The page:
How Airline Competition Helps Consumers
Imagine that you happen to have a ton of vacation time and are planning a trip. You want to fly somewhere cheap, but where should you go? Well, according to a new study, air routes that are served by the highest number of carriers also tend to be the cheapest. So when trying to book your vacation, it may make the most sense to fly between large airports that are served by several carriers. Here is the chart that explains how the number of airlines effects prices per mile.
A Travelers Dilemna
While this chart is great news for someone living in say New York, what does it mean for people from smaller cities? Typically we think that larger cities like New York, Chicago and Boston have high costs, but when it comes to air travel the opposite tends to be true. If you are a frequent traveler, you may actually spend much more money if you live in Burlington, Vermont than if you live in Boston. For domestic flights, small airports with few routes can be almost five times as expensive for flights from large airports!
In theory, this would suggest that we should, as a society, build large airports or no airports at all. Rather than trying to serve all small metropolitan areas with airports, we should theoretically consolidate power into mega-airports in order to further reduce prices. The only problem with this is that it would shut many people out of the market. If for example we did shut down the airport in Burlington, Vermont, people who lived here would be stuck. The closest large airport would be nearly 5 hours away in New York City. That's no good, at least not for now.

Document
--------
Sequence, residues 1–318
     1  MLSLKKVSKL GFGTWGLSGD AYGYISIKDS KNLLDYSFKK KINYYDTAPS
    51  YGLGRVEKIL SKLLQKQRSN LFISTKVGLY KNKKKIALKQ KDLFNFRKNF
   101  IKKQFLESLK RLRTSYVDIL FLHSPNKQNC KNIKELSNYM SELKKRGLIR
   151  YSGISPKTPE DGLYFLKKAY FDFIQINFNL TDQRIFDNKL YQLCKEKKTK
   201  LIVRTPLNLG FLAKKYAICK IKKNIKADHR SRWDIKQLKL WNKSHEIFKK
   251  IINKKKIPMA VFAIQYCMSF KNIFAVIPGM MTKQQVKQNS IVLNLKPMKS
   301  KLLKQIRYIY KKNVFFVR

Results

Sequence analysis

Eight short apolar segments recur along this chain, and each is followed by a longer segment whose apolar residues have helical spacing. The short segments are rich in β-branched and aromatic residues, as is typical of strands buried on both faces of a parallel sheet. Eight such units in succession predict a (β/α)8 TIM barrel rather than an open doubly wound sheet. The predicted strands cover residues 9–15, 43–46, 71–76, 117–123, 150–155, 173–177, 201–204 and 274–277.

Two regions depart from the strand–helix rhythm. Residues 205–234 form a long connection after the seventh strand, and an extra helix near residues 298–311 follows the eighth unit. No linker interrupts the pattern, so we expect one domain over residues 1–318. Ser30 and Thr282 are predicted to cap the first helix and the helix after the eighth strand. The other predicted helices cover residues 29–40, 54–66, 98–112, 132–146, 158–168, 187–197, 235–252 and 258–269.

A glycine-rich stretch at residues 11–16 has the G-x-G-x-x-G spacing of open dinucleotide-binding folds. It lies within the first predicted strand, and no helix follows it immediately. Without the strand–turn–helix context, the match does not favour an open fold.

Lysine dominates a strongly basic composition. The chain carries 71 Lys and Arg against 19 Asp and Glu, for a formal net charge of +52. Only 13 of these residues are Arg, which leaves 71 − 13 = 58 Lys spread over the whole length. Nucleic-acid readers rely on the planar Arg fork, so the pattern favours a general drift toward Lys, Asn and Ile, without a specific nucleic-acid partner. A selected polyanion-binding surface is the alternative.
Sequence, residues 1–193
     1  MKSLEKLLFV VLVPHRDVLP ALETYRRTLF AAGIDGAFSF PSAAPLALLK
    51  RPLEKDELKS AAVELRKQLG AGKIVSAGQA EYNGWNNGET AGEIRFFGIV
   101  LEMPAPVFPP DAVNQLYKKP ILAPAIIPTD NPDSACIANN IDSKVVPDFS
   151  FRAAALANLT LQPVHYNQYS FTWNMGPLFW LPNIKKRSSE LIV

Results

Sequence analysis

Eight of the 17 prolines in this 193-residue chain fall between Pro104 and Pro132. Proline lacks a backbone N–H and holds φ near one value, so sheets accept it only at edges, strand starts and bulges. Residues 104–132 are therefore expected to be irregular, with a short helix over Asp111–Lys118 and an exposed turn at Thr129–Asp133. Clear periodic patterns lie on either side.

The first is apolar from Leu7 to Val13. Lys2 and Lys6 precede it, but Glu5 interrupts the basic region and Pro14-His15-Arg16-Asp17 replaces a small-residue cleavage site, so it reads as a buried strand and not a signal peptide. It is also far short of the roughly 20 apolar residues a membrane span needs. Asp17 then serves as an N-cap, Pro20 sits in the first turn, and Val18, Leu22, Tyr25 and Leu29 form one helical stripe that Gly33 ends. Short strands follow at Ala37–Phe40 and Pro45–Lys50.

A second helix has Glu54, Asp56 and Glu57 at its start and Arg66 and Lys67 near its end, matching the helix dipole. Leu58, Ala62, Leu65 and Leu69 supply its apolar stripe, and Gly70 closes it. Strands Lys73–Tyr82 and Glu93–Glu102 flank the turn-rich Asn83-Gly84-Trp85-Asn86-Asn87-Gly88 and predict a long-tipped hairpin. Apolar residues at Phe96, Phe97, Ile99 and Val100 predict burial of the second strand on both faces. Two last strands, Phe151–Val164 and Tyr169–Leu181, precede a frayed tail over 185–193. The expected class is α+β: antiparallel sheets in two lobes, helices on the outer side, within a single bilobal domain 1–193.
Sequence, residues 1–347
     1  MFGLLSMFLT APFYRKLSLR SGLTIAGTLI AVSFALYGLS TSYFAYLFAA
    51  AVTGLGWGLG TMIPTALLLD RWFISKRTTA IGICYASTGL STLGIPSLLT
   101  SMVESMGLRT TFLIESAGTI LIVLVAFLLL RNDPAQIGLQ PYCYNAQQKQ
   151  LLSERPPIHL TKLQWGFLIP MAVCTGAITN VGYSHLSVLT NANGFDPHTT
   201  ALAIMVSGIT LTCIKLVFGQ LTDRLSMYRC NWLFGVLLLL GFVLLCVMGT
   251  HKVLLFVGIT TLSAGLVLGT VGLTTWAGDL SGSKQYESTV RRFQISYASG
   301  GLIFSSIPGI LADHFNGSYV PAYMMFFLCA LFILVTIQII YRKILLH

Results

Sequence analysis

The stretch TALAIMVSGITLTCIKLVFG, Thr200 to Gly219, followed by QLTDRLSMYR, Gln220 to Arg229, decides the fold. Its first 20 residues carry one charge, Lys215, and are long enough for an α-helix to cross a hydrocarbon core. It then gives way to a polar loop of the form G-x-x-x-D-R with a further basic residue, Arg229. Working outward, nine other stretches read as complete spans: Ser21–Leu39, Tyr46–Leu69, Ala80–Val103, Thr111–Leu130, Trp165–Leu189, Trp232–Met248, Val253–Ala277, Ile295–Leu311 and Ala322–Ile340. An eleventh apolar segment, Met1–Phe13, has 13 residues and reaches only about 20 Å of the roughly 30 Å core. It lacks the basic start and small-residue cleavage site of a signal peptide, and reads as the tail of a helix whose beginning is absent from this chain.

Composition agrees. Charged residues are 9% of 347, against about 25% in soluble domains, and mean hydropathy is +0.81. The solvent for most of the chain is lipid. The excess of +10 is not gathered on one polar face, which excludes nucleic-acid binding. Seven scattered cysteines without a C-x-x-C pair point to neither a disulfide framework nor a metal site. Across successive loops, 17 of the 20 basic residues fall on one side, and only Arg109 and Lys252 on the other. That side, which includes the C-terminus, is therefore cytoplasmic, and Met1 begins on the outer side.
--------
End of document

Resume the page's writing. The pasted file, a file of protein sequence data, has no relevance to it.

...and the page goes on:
A Transportation Solution
The issue comes down to a matter of travel efficiency. For long trips, say more than 500 miles, it makes sense to travel by plane because it saves the most time. But say you need to travel only 250 miles. The optimal trip in this case it to take a high-speed train because the time that you would save from not passing through security at an airport would make train travel faster. So in our theoretical model of small airports, Burlington should shut down it's airport and those wishing to travel a long distance should take a high-speed train to New York and then fly to their destination.
So in reality, the issue is that there are not enough trains in America. Unless you are traveling between Boston, New York and D.C., nobody wants to travel by train because there are no trains. If however, we were willing to invest in reasonable public transportation by means of train, we could save travelers tons of money by not forcing anyone to fly out of small airports for "convenience."